Of course, there are the usual reactions of horror that this feature violates the norms of gift-giving. Etiquette expert Anna Post was quoted in The Washington Post, saying:
"This idea totally misses the spirit of gift giving," Post said. "The point of gift giving is to allow someone else to go through that action of buying something for us. Otherwise, giving a gift just becomes another one of the world's transactions."
It seems to me that both the existence of this feature and Post's reaction indicates a problem with gift giving in the current material age. We have become so affluent that gift giving is done much more freely. When times were leaner, such as during the Depression, a gift, no matter how small, meant that someone cared and gave a lot of thought to the act. Spending money on someone was a big deal. These days, people seem to feel like they have to give a gift. If you're going to give something to one aunt, you have to give something to all the aunts. In these kinds of situations, people are far more likely to give a gift that misses the mark. In my husband's orderly WASP family, people make lists and gifts often go back to the store. In my unruly Chinese family, gifts are usually items that were purchased on sale without any thought to the recipient and shameless re-gifting occurs.
I have an idea that might be a solution to Ms. Post's concerns and a good application of the Amazon conversion feature. What if you could give the gift to someone who really wanted or needed it? What if we could combine the conversion feature with a web site like Donors Choose or CASA (Court-Appointed Special Advocates for children holiday gift program. With these programs, the recipient makes a wish list or selects a single item. If someone is given that gift and doesn't want it, they have the option for sending it to another person who has wished for it.
Something like this happened on thebloggess's blog this Christmas. She offered $30 gift cards to the first 20 people who were having difficulty coming up with presents for their children. When more than 20 people needed help, her readers came forward with donations for gift cards. Other bloggers gave her a shout out and things snowballed from there. The following was her second-last update to the project, which appeared on Christmas Day.
As of right now (noon Saturday) I have emailed hundreds of donors and over 500 gift cards are scheduled to go out to people who need help. If everything goes as planned (Please, God, let it go as planned) everyone who has asked for help as of this moment will get at least one gift card and many will get several. Some got cash for medicine. Some got money so they could keep the electricity on and buy food for Christmas dinner. Some only asked for help in buying presents for their brothers or sisters so their moms wouldn’t be so worried. Some received help and then got more help than they needed and decided to turn around and become a donor themselves. I wish I could tell you what this has meant to me, but there aren’t words for it. The emails and comments coming in from people who got a Christmas miracle are incredible, but the ones from people so thankful to be able to help are even more moving. Right now we still have a few more donors available and another 20 are standing by in case someone who asked for a donation hasn’t heard anything from their donor by Monday.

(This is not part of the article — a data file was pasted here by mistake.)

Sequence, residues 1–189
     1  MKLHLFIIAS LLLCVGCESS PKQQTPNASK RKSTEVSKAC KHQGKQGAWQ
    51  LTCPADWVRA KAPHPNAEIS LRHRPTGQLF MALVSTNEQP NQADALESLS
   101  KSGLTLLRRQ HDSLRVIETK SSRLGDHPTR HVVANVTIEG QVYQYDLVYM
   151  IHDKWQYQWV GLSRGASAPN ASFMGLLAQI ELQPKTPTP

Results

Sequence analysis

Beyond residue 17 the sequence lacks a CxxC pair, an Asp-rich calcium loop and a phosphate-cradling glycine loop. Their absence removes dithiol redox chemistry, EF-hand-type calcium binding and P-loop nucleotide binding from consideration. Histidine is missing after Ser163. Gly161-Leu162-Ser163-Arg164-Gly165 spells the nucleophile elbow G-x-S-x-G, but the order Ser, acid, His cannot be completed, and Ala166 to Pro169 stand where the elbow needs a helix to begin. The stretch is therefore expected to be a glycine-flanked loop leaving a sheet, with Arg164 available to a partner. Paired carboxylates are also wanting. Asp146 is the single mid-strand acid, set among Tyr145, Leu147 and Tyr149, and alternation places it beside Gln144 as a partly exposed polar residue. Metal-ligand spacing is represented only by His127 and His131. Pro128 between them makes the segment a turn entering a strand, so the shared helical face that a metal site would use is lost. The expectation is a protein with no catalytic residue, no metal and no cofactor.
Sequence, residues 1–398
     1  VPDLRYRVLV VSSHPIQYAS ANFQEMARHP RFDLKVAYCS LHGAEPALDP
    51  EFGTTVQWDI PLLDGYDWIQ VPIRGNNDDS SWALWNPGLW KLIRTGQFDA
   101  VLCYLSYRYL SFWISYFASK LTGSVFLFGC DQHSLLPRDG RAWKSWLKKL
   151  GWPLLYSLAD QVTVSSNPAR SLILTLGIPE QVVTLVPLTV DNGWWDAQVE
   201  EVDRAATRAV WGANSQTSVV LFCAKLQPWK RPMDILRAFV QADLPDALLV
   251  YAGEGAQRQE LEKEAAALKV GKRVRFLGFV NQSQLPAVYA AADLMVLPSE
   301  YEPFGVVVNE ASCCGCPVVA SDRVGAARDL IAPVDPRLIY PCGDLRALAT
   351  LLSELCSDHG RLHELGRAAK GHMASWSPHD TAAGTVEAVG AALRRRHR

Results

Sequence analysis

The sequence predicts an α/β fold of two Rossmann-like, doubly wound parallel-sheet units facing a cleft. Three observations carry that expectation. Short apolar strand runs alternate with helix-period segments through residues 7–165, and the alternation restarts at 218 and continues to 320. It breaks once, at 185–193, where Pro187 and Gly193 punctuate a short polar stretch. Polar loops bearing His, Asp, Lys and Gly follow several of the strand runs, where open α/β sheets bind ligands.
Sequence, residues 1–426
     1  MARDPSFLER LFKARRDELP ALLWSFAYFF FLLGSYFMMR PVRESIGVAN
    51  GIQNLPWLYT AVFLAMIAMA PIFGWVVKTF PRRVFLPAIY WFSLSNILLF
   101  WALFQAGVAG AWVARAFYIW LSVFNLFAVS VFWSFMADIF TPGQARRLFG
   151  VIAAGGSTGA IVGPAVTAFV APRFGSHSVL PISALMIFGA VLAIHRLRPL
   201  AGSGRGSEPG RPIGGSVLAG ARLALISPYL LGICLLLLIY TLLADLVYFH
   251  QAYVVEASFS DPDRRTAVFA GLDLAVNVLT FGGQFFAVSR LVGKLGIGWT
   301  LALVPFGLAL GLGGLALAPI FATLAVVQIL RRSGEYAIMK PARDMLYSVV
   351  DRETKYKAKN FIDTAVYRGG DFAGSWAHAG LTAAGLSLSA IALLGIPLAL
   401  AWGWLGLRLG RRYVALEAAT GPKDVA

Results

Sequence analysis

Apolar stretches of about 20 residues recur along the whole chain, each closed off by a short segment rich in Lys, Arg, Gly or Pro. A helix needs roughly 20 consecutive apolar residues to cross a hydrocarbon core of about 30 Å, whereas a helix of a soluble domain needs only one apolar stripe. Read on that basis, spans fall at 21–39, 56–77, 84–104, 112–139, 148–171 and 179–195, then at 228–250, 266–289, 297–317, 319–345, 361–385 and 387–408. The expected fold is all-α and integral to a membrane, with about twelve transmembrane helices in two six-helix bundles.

That’s one hell of a Christmas miracle, y’all.
(In her final update, she wrote that over 600 gift cards went out and her hands were about to fall off. I can imagine. Good cause, though.)
In the text that I bolded, the recipients kept up the spirit of giving. This is the kind of gift-giving that is hard to find fault with. The whole project has a spirit of gift giving that means something that goes beyond stodgy rules of etiquette. Giving a gift that is more than an fulfilling an obligation and makes a real difference to the recipient is much more satisfying.
I also think charitable part of our obligation as human beings. The Christian church advocates tithing, i.e. giving 10% of one's income to the church. Few people do this, but among the evangelicals there are debates over whether it's meant to be net or gross income. (Render unto God, before or after rendering unto Caesar.) Muslims are encouraged to donate 3% of their income to charity, any charity, not just the mosque. This is a rule of thumb that I have been following for some years and it's been a pleasure to share the joy as my income has grown. This year, I supported Irvine United Congregational Church, the Houston SPCA (Charles Jantzen is my hero), Story Corps, This American Life, NPR, Bonita Canyon School, World Vision, Plan Canada, and the Hamlin Fistula Foundation.